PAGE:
Author

Harold Innis cover

photo credits: PD Canada

Harold Innis

Canadian professor of political economy

1894   -   1952

country of citizenship: Canada
educated at: McMaster University, University of Chicago
occupation: economist, historian, philosopher, university teacher, sociologist
award received: doctor honoris causa, Fellow of the Royal Society of Canada
position held: president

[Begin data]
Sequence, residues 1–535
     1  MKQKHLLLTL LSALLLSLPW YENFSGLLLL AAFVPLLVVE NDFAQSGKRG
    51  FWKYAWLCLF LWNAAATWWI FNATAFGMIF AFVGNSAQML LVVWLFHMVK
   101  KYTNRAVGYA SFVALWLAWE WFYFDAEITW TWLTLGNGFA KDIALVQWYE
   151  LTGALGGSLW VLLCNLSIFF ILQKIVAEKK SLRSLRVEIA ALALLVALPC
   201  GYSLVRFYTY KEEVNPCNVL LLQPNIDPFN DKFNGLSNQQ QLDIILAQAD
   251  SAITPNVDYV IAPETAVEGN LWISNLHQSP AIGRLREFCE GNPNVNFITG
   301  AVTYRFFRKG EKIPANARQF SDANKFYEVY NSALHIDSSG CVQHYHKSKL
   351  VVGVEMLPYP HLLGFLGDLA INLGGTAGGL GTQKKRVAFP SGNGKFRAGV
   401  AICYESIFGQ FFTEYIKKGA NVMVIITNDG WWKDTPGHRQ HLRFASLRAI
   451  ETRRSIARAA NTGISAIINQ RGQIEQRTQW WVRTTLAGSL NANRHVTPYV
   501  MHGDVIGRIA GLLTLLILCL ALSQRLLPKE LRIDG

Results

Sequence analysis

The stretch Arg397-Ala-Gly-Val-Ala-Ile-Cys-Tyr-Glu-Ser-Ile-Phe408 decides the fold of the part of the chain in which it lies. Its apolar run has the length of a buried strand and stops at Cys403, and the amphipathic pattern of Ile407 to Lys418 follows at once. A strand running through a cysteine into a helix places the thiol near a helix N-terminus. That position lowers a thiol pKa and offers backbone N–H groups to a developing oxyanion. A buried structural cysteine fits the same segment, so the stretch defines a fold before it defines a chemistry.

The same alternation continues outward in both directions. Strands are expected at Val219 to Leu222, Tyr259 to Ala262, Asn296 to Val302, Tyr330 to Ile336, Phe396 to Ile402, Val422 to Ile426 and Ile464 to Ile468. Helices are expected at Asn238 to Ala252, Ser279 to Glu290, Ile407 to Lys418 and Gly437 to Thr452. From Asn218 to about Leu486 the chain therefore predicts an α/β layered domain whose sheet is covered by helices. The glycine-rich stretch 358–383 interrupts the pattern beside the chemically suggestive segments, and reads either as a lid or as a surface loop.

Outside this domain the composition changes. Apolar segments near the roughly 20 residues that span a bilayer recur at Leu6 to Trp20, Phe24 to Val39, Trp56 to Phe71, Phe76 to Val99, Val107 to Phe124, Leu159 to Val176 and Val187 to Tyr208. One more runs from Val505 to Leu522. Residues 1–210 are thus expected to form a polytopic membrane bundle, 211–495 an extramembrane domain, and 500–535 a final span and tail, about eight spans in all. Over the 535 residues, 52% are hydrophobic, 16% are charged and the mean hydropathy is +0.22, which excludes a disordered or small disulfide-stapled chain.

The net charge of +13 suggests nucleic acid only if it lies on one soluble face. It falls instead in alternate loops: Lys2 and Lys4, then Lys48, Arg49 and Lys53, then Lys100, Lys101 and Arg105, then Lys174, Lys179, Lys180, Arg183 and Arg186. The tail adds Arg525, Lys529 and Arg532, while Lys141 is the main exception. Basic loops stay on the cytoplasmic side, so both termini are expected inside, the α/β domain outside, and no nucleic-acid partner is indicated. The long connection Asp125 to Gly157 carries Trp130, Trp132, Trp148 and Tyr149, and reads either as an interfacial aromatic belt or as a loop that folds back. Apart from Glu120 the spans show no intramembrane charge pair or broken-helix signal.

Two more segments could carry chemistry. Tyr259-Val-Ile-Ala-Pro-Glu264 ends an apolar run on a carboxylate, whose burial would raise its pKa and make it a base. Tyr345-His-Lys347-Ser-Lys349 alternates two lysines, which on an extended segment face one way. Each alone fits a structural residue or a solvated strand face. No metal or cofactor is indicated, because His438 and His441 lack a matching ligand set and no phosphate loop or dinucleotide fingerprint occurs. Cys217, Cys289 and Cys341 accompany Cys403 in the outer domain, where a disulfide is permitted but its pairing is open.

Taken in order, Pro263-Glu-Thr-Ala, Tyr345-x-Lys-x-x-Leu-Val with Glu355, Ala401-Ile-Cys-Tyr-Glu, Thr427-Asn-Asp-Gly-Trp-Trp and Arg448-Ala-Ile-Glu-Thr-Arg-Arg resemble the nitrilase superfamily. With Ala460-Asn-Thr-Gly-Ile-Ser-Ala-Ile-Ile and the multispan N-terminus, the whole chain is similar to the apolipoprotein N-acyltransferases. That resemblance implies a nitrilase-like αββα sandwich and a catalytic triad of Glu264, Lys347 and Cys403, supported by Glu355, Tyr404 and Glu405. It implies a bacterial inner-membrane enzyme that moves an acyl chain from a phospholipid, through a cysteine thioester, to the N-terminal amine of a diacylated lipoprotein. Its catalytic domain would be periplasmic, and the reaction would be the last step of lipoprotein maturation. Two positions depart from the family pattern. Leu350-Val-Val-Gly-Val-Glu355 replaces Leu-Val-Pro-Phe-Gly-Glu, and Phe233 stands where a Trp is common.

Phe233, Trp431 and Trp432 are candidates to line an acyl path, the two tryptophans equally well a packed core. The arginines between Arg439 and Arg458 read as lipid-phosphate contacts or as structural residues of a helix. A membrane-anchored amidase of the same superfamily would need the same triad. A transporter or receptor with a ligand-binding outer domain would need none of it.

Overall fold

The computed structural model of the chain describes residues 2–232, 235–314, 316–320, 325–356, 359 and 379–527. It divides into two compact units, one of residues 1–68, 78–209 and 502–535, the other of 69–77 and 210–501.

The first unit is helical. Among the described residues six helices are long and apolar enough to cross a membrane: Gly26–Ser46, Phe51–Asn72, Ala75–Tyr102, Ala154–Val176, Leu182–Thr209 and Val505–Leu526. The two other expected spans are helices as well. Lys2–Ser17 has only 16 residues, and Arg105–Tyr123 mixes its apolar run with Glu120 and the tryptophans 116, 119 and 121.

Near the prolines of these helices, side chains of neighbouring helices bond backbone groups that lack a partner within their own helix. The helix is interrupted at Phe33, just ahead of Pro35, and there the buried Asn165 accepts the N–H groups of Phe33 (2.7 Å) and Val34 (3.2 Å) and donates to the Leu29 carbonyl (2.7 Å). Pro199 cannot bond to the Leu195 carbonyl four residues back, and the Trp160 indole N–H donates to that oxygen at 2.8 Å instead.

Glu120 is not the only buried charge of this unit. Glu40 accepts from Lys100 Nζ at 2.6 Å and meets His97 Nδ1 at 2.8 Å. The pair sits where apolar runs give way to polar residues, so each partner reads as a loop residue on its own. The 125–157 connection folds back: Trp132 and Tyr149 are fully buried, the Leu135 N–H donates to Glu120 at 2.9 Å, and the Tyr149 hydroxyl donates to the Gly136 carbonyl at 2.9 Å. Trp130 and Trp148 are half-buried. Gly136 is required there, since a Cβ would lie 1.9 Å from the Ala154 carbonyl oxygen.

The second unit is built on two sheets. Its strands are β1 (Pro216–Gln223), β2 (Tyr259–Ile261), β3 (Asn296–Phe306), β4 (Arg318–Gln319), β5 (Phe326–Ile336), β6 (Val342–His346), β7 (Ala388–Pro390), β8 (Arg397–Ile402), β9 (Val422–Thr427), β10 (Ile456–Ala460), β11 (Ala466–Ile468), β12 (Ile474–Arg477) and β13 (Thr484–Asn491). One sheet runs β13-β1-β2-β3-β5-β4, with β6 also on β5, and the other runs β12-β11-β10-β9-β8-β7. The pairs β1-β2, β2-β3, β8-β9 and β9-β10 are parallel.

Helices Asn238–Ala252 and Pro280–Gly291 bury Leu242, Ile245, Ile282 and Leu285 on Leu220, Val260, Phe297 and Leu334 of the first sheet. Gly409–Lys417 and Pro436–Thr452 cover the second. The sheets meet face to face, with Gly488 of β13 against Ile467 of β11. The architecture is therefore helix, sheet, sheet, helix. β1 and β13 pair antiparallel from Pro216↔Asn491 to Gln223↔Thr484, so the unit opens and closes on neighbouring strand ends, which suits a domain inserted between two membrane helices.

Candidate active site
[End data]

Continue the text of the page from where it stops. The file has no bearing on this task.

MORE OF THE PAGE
Harold Adams Innis (November 5, 1894 – November 8, 1952) was a Canadian professor of political economy at the University of Toronto and the author of seminal works on media, communication theory, and Canadian economic history. Despite his dense and difficult prose, Innis was one of Canada's most original thinkers. He helped develop the staples thesis, which holds that Canada's culture, political history, and economy have been decisively influenced by the exploitation and export of a series of "staples" such as fur, fishing, lumber, wheat, mined metals, and coal. The staple thesis dominated economic history in Canada 1930s-1960s, and continues to be a fundamental part of the Canadian political economy tradition.Innis's writings on communication explore the role of media in shaping the culture and development of civilizations. He argued, for example, that a balance between oral and written forms of communication contributed to the flourishing of Greek civilization in the 5th century BC. He warned, however, that Western civilization is now imperiled by powerful, advertising-driven media obsessed by "present-mindedness" and the "continuous, systematic, ruthless destruction of elements of permanence essential to cultural activity". His intellectual bond with Eric A. Havelock formed the foundations of the Toronto School of communication theory, which provided a source of inspiration for future members of the school: Marshall McLuhan and Edmund Snow Carpenter.Innis laid the basis for scholarship that looked at the social sciences from a distinctly Canadian point of view. As the head of the University of Toronto's political economy department, he worked to build up a cadre of Canadian scholars so that universities would not continue to rely as heavily on British or American-trained professors unfamiliar with Canada's history and culture. He was successful in establishing sources of financing for Canadian scholarly research.As the Cold War grew hotter after 1947, Innis grew increasingly hostile to the United States. He warned repeatedly that Canada was becoming a subservient colony to its much more powerful southern neighbor. "We are indeed fighting for our lives," he warned, pointing especially to the "pernicious influence of American advertising.... We can only survive by taking persistent action at strategic points against American imperialism in all its attractive guises." His views influenced some younger scholars, including Donald Creighton.Innis also tried to defend universities from political and economic pressures. He believed that independent universities, as centres of critical thought, were essential to the survival of Western civilization. His intellectual disciple and university colleague, Marshall McLuhan, lamented Innis's premature death as a disastrous loss for human understanding. McLuhan wrote: "I am pleased to think of my own book The Gutenberg Galaxy as a footnote to the observations of Innis on the subject of the psychic and social consequences, first of writing then of printing."
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